At my day job I work on an SDK that allows people to embed video in their applications. The SDK lives on an awesome framework developed by our Systems team that is portable and allows us to create plugins that can process media and push it down the pipeline. That pipeline includes plugins to receive data from the network, decode that data, time it, and render it to a portion of a display. It can do this for live and recorded video, MPEG4, H.264, and even low frame rate JPEG video (so we don’t have to decode frames on the client.) But, I digress. If you notice, I mentioned decoding. We’ve looked at decoding with hardware but it’s actually quite expensive to push encoded frames across the bus, decode them, push them back across the bus, and finally render it, which pushes it back across the bus. Ick.
At one time Pelco had built its own combo card that could decode video and render to the display with a single push across the bus. That was a cool piece of hardware. At the time we could decode and display sixteen separate video streams simultaneously, at varying frame rates. That card was extremely underpowered. I guess what I’m getting at is this: How cool would it be to leverage one GPU on a Mac Pro for decoding all video, be it one stream or sixteen, and push the results across to the secondary GPU for rendering, without a transfer back across the bus to main memory? The idea of it seems very exciting.
Now all we need to do is build our pipeline for Mac OSX(totally doable) and create a new decode/render plugin that takes advantage of the new GPU. I’m not sure if its totally possible, without multiple bus transfers, but it would be fun to try.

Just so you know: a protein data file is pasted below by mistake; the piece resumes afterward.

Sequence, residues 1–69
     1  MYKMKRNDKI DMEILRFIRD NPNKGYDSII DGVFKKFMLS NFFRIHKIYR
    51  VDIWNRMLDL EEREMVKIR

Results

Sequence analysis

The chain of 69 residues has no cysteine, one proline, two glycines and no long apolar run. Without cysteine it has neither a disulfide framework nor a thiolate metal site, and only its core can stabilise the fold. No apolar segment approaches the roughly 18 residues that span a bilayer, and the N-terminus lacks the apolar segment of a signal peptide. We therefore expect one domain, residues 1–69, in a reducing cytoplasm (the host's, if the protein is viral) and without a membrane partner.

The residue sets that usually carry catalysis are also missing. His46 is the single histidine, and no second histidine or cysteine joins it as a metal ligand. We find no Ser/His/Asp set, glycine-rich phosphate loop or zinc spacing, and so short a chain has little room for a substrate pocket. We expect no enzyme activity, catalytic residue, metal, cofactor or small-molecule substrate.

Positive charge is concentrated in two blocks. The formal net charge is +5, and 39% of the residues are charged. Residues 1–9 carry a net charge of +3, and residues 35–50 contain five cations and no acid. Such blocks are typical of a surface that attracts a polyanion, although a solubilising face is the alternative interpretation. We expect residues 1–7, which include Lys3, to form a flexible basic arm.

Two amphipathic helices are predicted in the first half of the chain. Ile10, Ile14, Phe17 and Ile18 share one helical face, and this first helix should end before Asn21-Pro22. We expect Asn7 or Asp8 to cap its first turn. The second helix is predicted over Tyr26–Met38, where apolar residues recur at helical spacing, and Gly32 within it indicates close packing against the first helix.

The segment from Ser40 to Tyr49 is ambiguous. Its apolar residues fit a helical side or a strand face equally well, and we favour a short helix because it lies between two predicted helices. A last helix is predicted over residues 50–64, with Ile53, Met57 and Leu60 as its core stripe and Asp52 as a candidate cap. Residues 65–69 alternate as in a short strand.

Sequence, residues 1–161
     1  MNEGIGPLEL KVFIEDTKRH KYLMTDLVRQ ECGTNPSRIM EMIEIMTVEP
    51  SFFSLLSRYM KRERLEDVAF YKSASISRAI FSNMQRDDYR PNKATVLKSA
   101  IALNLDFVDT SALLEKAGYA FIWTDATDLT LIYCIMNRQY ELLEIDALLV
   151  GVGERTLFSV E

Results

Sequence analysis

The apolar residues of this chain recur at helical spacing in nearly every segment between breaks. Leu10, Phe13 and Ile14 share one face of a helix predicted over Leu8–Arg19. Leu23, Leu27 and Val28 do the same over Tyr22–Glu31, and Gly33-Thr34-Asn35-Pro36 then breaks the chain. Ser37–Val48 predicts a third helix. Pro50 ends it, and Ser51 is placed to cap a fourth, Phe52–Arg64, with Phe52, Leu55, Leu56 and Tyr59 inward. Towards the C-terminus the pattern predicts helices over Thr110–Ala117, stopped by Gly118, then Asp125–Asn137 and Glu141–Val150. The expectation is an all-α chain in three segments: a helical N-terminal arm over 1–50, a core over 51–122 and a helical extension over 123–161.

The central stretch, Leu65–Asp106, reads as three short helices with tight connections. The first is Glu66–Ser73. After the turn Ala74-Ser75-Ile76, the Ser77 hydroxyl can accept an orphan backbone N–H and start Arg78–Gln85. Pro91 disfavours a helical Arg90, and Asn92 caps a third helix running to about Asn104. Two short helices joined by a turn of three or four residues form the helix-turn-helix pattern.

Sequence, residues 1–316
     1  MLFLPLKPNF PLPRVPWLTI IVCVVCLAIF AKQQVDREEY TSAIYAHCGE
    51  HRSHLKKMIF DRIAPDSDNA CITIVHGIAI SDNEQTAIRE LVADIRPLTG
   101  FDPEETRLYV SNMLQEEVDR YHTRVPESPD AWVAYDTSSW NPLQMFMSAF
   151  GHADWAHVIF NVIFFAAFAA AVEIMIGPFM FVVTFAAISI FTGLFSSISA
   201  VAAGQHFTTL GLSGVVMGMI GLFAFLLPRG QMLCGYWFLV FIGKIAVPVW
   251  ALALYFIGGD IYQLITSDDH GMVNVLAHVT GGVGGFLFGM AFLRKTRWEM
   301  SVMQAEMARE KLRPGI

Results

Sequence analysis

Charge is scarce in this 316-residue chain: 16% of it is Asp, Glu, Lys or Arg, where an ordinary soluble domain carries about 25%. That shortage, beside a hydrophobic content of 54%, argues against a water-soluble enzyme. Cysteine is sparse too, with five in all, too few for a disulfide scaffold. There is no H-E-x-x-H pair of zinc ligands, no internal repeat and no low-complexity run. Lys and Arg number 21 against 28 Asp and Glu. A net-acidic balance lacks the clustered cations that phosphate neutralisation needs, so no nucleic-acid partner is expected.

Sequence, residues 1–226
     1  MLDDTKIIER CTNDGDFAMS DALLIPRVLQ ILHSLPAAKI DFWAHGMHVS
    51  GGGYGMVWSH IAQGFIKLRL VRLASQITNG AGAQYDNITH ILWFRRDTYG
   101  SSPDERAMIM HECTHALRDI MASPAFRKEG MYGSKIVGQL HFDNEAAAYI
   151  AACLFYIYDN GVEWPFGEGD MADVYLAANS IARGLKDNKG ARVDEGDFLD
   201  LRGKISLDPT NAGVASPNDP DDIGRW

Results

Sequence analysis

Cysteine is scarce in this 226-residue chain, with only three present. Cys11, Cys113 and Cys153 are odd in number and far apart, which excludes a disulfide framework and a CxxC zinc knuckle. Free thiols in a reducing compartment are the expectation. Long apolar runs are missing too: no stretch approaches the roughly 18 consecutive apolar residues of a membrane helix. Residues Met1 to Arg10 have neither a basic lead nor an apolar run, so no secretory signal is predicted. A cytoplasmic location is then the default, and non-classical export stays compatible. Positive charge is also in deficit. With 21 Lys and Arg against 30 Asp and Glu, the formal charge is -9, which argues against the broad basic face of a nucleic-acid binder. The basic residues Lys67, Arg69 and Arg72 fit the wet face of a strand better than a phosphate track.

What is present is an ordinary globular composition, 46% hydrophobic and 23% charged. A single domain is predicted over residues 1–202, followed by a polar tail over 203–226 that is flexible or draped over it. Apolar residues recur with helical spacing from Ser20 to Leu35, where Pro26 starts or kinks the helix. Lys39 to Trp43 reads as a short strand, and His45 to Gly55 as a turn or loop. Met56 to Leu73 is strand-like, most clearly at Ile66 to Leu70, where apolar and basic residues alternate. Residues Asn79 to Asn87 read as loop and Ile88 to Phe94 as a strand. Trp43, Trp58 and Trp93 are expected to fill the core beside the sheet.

John Gruber: “This made my day, but allow me to put my humble hat on for a moment, and praise two apps that foreshadowed iOS 7 long before Vesper”
Calling attention to two iOS UI pioneers was the right thing to do. It also shows that Mr. Gruber is a class act.
Thank you, John.
Ben Thompson: “My use of Paper is an essential part of stratechery, yet I needed to only pay $8.99 for two in-app purchases, for which I never need to pay again. Thatâ€™s a hell of a bargain, but itâ€™s ultimately unsustainable.”
It’s difficult to sustain a business on an app when you can only charge for the initial purchase. This is a problem Apple needs to solve on behalf of app developers.
Nick Bradbury: “My thanks to everyone who helped me keep FeedDemon going for so long â€“ when I created it in 2003, I donâ€™t think I wouldâ€™ve believed it will still be around 10 years later! Itâ€™s been truly fun working on it, and Iâ€™m sad to see it go.”
It’s hard to believe its been 10 years. Thanks for the great software, Nick.
Instagram Blog: “Weâ€™ve been able to do this with an incredibly small team â€” today just 35 people â€” who live and breathe Instagram, and weâ€™re looking for folks who are just as passionate to join us.”
Instagram has come a long way since they flipped the switch on their little photo sharing service in October 2010.
On Wednesday, October 6, 2010, Instagram launched its mobile photo sharing service for iPhone. In six hours, the back-end operation, which was running off a single machine in Los Angeles, was completely overwhelmed. – Mashable